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Volleyball: Hirschinger still going strong in 18th season

Sports Editor

Published: Monday, December 2, 2013

Updated: Monday, December 2, 2013 22:12

Jill Hirschinger never envisioned herself playing volleyball in college. 

“I didn’t like volleyball,” Hirschinger said. “I thought it was a slow sport. My first love was basketball and I was on the track and field team [in college].”

Now 18 years into being the head coach of the UNH volleyball team, Hirschinger has achieved it all. Four conference championships, five coach-of-the-year awards, and three, soon to be four, appearances in the NCAA tournament are a few of her achievements. But beneath it all is a coach who will do whatever her team needs of her. 

“Her coaching style is whatever we need it to be,” senior captain Morgan Thatcher said. “Whether that be lifting us up when we’re down, bringing us down when we’re too up, letting us enjoy something and getting us back on track, giving us a break when we’re banged up, whatever, she does it.”

Hirschinger teaches order and discipline to her players. 

“Tuck in your shirts, be thankful for what you have, always say ‘thank you,’” Hirschinger said. “That’s what it’s all about.”

But it’s not all serious all the time for her. Players such as Destiny Tolliver recall meeting Hirschinger for the first time, and how she barked like a dog to make her feel less shy and force her to start talking. 

Hirschinger didn’t start playing volleyball until college at New Mexico State. After finding out that two Olympic coaches had joined the volleyball program staff, Hirschinger saw an opportunity to learn from some experienced coaches, even if it was in a sport she never liked. 

“I was horrible at first, just really bad,” Hirschinger said. “But I stuck with it, got better and I really started to love it.”

After her freshman year, Hirschinger transferred to Utah State, following the same coaches who had inspired her to go with the sport she described as slow. Once there, Hirschinger played every position, never being an elite player. She worked hard and was eventually named a captain.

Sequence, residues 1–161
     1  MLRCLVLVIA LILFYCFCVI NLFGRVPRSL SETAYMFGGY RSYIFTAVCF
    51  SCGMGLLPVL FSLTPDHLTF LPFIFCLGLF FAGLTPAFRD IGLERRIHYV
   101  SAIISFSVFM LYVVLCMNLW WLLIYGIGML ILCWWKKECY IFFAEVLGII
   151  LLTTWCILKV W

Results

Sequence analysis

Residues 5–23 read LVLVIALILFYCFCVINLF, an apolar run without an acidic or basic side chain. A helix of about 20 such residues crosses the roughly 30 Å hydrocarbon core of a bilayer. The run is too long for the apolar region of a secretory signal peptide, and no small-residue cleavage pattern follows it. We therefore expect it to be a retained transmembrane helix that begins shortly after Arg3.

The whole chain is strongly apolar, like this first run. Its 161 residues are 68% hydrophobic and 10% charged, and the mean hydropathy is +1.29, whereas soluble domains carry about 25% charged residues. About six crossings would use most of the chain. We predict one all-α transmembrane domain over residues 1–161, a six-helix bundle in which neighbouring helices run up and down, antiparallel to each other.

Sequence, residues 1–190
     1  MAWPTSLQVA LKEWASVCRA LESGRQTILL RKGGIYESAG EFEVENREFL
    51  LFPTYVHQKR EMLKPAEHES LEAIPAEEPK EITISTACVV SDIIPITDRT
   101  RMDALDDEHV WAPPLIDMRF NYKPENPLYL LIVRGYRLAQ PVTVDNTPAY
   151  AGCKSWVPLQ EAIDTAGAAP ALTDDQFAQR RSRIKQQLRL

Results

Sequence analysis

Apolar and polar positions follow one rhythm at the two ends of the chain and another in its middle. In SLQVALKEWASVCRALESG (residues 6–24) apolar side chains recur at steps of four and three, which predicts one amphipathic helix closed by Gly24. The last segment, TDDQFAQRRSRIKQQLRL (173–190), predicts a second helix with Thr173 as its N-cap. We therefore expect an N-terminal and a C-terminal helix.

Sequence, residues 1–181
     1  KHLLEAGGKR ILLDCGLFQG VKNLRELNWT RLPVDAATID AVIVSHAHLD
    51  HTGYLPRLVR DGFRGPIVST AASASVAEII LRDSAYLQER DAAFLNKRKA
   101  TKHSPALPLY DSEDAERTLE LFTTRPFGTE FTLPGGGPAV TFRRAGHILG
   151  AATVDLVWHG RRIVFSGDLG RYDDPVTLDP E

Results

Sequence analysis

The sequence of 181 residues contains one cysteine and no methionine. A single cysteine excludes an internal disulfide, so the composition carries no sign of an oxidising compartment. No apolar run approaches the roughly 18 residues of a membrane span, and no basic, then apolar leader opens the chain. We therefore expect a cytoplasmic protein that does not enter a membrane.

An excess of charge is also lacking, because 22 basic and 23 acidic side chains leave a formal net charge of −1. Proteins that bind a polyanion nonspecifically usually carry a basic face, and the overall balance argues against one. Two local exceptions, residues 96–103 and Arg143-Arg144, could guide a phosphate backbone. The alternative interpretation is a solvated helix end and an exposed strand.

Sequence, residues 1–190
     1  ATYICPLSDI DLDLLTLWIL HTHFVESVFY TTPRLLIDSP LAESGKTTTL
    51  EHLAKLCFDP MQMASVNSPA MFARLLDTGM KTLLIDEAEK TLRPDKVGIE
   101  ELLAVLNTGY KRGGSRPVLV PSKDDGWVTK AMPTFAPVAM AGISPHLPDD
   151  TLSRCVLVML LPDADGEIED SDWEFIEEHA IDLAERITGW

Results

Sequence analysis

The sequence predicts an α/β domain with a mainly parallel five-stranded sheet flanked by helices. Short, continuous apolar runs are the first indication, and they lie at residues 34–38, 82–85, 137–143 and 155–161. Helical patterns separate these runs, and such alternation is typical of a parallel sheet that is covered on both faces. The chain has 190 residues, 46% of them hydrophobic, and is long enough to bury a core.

But for Hirschinger it wasn’t necessarily about playing, but about the strategy and the game. Her years with the coaching staff led to frequent conversations about the coaching side of the game, why things worked a certain way, and why a specific strategy would work over another. 

There were days at Utah State where Hirschinger would act more like a coach than she would a player, barking orders at her teammates, lining everyone up, and even correcting young assistant coaches when they were wrong. It was evident to her coaches that she was born to coach. 

It wasn’t an accident, however; to Hirschinger, it was something she had always wanted. 

“When I was in elementary school and we were asked what we wanted to be, I wrote down ‘coach,’” Hirschinger said. “From the strategy, to the way the game worked, to motivating, everything about it was what I wanted and still want. To being able to coach people, impact them and make their lives better, it felt right.”

After graduating from Utah State, Hirschinger’s coaches were so impressed with her focus on the court and her demand from her teammates that they spread her name around the coaching community. Hirschinger got some interviews and a job offer to work under her coaches as an assistant coach. But she wanted more and applied for the head-coaching job at Drake University, an institute with a division one volleyball program. 

Just like that, at the age of 22, Hirschinger was the head coach of Drake University, barely six months older than some of her senior players. 

“I didn’t know how to build a program,” Hirschinger said. “I learned a lot from just going to the office, sitting down and figuring it out, thinking about what to do, going to conventions, talking to people, doing it. A lot of that has helped me figure out how to be a better coach.”

Day after day, Hirschinger learned a little bit more. Hours were spent in her office, going over simple things from talking to a player to devising a game plan for the toughest opponent. 

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